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Poster D20, Thursday, November 9, 6:15 – 7:30 pm, Harborview and Loch Raven Ballrooms

Frontal Shift of the Imageability Effect on N400 in Elders

Chih-Ting Chang1, Chia-Ju Chou1, Jie-Li Tsai2, Chia-Ying Lee1,2,3,4;1Institute of Neuroscience, National Yang-Ming University, Taipei, Taiwan, 2Department of Psychology, National Chengchi University, Taiwan, 3Institute of Linguistics, Academia Sinica, Taipei, Taiwan, 4Institute of Cognitive Neuroscience, National Central University, Taipei, Taiwan

Aging has been associated with cognitive decline and the aging brain may recruit extra brain regions to cope with the declined neural efficiency and cognitive ability. A well-known phenomenon in the cognitive neuroscience of aging, the Posterior-Anterior Shift in Aging (PASA), is that elders tend to exhibit increased prefrontal lobe activation and decreased activation in visual cortex for tasks involving working memory (WM), visual attention (VA), and episodic retrieval. This phenomenon suggests that older adults compensated for visual processing deficits (occipital decrease) by recruiting higher-order cognitive processes (PFC increase). However, it remains unclear whether the PASA phenomena also exist for visual word recognition. Evidences from event-related potentials (ERPs) studies have suggested that high imagery words may associate with richer semantic features and tend to elicited greater N400 than the low imagery words in the frontal sites. Functional neuroimaging studies of imageability have also showed that the semantic retrieval of words with high versus low imageability might involve different weighting in frontal and temporal regions. This study aims to address this question by examining how aging shapes the familiarity and imageability effect on N400. The imageability (high versus low) and familiarity (high versus low) of the target words were manipulated in a two-by-two factorial design. Two groups of participants were recruited, one group includes 19 younger adults (five males; mean age 25.32 years, range 21-36), and the other group includes 18 elder adults (five males; mean age 65.06 years, range 56-78). Participants were requested to carry out a button-press if the target word refers to an animal. Results from both groups showed the typical familiarity effect on N400, in which the unfamiliar words elicited a greater N400 than the highly familiar words. The imageability effect that the high imagery words elicited a significantly greater N400 than the low imagery words only observed in highly familiar condition. The absence of the imageability effect for unfamiliar words may due to the resources occupation between reading and imagery process (Unnava, Agarwal, & Haugtvedt, 1996). For those highly familiar words, the younger group showed the imageability effect in the centroposterior regions, while the elder group showed the effect distributed in the fronto-central region. Our findings consistent with the PASA phenomenon and suggest the age-related compensatory mechanism in visual word processing in elders.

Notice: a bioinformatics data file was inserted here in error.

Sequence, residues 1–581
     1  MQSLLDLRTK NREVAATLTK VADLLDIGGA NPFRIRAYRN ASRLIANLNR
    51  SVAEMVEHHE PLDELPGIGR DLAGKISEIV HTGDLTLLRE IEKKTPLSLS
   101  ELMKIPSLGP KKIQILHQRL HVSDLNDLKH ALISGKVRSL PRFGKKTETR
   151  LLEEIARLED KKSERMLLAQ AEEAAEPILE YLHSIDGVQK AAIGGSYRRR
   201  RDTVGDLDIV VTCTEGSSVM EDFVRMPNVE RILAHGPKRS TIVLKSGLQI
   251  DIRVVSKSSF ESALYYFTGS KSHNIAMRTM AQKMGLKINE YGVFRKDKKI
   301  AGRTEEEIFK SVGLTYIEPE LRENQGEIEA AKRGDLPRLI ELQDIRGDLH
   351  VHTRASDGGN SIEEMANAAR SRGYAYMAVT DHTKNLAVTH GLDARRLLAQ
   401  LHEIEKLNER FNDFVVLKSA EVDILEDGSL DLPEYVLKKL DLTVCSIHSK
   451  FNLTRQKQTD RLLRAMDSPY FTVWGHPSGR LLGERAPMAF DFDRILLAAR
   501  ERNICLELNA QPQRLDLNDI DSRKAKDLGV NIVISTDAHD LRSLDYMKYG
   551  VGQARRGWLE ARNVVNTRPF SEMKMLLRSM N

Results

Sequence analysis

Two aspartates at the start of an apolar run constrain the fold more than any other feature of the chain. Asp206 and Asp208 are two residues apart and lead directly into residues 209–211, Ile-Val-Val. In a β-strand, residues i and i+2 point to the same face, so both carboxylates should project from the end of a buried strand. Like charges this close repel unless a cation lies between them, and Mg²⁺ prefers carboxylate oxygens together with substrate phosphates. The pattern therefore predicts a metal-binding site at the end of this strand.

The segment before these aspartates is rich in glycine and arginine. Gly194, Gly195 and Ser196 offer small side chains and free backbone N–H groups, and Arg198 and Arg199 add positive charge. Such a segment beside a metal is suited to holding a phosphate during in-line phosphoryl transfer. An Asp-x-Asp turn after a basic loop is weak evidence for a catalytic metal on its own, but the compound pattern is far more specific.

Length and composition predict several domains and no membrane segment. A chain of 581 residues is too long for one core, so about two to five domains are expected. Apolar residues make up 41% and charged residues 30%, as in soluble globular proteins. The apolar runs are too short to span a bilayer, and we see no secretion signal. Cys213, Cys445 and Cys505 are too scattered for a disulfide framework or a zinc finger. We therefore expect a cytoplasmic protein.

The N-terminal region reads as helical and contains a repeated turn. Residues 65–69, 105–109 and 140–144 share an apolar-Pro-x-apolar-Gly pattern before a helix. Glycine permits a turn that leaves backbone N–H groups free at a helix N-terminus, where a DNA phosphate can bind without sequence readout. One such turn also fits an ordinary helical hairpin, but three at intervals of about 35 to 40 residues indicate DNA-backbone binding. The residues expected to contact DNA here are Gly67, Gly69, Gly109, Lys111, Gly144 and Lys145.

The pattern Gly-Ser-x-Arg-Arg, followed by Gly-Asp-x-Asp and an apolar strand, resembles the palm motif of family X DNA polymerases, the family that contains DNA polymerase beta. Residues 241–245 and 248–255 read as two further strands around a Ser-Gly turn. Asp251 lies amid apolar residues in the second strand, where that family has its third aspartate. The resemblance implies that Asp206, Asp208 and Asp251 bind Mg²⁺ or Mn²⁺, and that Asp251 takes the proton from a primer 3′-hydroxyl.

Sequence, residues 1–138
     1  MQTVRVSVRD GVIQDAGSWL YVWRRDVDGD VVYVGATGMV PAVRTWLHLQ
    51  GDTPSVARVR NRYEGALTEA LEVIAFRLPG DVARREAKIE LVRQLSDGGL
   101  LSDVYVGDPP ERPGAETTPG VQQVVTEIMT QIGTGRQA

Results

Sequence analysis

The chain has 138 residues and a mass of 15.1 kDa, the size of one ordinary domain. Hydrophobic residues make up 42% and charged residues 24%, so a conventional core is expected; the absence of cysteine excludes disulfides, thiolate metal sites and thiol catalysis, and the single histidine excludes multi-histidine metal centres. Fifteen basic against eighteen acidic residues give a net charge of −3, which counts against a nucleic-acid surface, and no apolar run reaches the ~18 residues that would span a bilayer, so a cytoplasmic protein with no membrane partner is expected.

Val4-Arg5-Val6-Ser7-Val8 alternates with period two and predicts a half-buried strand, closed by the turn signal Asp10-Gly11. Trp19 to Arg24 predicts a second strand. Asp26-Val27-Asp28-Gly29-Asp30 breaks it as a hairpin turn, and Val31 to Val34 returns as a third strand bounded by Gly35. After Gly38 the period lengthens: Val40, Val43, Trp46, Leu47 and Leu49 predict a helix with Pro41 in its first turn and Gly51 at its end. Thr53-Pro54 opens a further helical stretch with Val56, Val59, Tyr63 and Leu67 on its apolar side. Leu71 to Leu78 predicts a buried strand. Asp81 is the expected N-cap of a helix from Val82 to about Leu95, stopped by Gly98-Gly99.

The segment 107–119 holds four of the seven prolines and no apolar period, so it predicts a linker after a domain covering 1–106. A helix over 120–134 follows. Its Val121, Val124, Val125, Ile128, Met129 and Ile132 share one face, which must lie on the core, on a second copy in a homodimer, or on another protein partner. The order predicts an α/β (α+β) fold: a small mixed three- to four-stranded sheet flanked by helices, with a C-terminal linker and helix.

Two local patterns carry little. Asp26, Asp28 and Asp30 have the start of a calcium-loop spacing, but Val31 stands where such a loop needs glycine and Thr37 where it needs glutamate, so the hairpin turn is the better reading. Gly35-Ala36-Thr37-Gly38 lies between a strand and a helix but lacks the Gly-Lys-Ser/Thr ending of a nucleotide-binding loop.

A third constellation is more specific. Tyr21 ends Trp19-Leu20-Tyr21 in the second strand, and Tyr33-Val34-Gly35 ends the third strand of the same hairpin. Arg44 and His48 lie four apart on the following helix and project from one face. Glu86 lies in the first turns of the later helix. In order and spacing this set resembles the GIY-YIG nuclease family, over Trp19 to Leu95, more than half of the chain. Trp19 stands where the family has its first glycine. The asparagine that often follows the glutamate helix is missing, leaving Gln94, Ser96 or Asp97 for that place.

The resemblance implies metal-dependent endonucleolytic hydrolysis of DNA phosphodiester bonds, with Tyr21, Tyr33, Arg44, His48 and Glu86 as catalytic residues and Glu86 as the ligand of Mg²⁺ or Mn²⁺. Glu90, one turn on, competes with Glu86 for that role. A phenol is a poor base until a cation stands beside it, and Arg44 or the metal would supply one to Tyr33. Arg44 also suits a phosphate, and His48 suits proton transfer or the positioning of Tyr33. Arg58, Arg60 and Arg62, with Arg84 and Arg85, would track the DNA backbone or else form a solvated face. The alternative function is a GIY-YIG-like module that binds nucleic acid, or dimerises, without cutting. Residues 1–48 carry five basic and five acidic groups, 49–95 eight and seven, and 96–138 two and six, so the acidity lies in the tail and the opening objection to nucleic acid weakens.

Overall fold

Topic Area: Language Development

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